So what can and should Labour do? The Conservative (or at least the Chancellor’s) strategy is now reasonably clear: to continue to spend ‘whatever it takes’ to get through the pandemic, while at the same time trying to keep a dividing line with Labour as the party of ‘fiscal responsibility’, and promising (as yet largely undefined) future measures to reduce the deficit.
A supine media, which continues to parrot nonsense about the ‘nation’s credit card‘ and the like (as seen again on the Andrew Marr show this weekend) will make this much easier than it should be.
So how should Labour respond so as to – as I put it during the discussion – ‘drive a stake through the heart’ of austerity? Not by making lots of new spending commitments now: for what it’s worth, there is now a pretty broad cross-party consensus in favour of some variation of the fiscal rule proposed by Simon Wren-Lewis and me here, perhaps with some additional modifications to take account of broader measures of fiscal risk.
Rather, by emphasising that while fiscal responsibility is important, the experience of the last decade tells us just how much damage, both economic and social, a return to the Osborne strategy of starving public services would do; that it would make the UK more, not less, vulnerable to future crises.
Sunak’s claim that austerity left the UK relatively well prepared for the pandemic is laughable; Labour should not be shy of pointing this out and arguing that it would be reckless and irresponsible to make the same mistake again.
But there is another, arguably bigger challenge. Before the pandemic, the flipside of the success of the UK’s relatively dynamic and flexible labour market in creating jobs was the increase in precarity and insecurity in much of the labour market.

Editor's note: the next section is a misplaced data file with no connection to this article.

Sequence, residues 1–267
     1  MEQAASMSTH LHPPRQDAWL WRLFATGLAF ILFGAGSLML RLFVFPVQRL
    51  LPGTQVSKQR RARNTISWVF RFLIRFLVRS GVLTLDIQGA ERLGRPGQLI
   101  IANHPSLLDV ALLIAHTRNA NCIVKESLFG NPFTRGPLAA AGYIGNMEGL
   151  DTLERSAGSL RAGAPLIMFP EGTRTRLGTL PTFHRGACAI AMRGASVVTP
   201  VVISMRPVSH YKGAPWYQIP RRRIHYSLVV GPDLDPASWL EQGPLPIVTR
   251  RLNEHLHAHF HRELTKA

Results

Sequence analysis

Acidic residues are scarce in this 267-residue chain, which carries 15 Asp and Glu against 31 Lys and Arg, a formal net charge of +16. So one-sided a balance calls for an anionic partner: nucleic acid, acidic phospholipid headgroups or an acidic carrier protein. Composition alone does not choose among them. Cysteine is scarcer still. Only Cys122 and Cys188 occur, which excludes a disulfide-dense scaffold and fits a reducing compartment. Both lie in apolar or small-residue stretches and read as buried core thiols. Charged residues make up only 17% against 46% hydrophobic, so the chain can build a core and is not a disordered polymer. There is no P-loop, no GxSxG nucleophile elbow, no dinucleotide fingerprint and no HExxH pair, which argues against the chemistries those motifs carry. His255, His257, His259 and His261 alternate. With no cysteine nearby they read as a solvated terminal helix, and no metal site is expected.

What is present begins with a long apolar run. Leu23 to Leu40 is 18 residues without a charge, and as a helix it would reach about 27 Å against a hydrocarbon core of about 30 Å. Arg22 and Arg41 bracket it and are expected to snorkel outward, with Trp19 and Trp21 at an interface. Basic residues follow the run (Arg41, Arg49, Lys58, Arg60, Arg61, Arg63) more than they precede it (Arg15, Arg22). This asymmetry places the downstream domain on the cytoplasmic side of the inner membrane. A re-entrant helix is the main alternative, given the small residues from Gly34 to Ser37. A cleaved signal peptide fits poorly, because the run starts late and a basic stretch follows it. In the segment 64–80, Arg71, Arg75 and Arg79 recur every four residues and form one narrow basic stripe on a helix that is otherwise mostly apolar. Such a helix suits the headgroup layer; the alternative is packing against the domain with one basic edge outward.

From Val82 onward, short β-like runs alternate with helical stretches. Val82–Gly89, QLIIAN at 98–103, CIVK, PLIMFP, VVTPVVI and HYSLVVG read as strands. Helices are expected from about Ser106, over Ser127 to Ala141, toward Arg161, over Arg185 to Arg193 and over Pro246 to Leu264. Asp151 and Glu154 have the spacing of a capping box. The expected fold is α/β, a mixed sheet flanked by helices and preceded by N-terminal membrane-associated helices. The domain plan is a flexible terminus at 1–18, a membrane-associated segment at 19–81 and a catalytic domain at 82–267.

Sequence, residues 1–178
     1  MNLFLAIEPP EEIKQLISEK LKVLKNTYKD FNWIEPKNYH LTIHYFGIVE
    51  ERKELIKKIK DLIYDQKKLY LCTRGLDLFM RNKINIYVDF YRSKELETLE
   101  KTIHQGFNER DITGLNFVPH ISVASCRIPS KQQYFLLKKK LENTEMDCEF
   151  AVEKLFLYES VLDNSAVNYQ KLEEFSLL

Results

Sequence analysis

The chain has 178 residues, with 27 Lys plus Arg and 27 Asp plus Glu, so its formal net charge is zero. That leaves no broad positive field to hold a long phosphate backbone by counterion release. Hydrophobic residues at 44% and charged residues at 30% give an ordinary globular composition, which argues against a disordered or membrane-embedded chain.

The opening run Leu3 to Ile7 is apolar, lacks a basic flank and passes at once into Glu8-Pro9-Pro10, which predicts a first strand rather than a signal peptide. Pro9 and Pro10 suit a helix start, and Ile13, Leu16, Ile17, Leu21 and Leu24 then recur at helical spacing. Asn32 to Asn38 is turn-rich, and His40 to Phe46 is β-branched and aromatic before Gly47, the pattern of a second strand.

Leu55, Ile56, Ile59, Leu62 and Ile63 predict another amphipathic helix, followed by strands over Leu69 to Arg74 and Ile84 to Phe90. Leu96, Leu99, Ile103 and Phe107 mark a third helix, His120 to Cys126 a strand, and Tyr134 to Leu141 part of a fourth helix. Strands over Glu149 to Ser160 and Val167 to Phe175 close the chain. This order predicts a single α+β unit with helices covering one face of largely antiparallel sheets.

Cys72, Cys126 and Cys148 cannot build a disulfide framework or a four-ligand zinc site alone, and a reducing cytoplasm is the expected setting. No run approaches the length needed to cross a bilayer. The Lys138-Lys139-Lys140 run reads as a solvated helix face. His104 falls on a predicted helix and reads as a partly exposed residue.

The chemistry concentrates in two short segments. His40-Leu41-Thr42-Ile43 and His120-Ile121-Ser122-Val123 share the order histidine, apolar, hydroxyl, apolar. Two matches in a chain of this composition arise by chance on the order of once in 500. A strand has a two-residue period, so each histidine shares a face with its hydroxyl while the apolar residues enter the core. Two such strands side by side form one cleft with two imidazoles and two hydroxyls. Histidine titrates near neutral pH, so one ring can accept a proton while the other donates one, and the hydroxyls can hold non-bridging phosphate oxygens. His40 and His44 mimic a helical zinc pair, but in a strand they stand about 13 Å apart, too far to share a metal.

This was visible in the abuse of zero-hours contracts in some sectors, in the growth of freelancing rather than employee jobs in others, and in a decline in training and development across the spectrum.
Meanwhile, the UK’s system of employment regulation – with relatively good protections for workers and a tax structure that made freelancing and self-employment much more attractive – was clearly outdated a decade ago.
All this meant that during the pandemic we were very much not ‘all in this together.’ Those who have died, and those who suffered most economically, have been those who were already disadvantaged, by class, race, or geography.
The UK economy will recover – perhaps quite strongly – over the next year. But it will be a K-shaped recovery, that will further expose and widen those structural inequalities. Any party that wants to recreate the spirit of 1945 needs to address that challenge.
By Jonathan Portes, senior fellow, UK in a Changing Europe. Meanwhile, what should the Chancellor do in the Budget? Jonathan explores the key fiscal policy choice – whether and when to cut the deficit – here.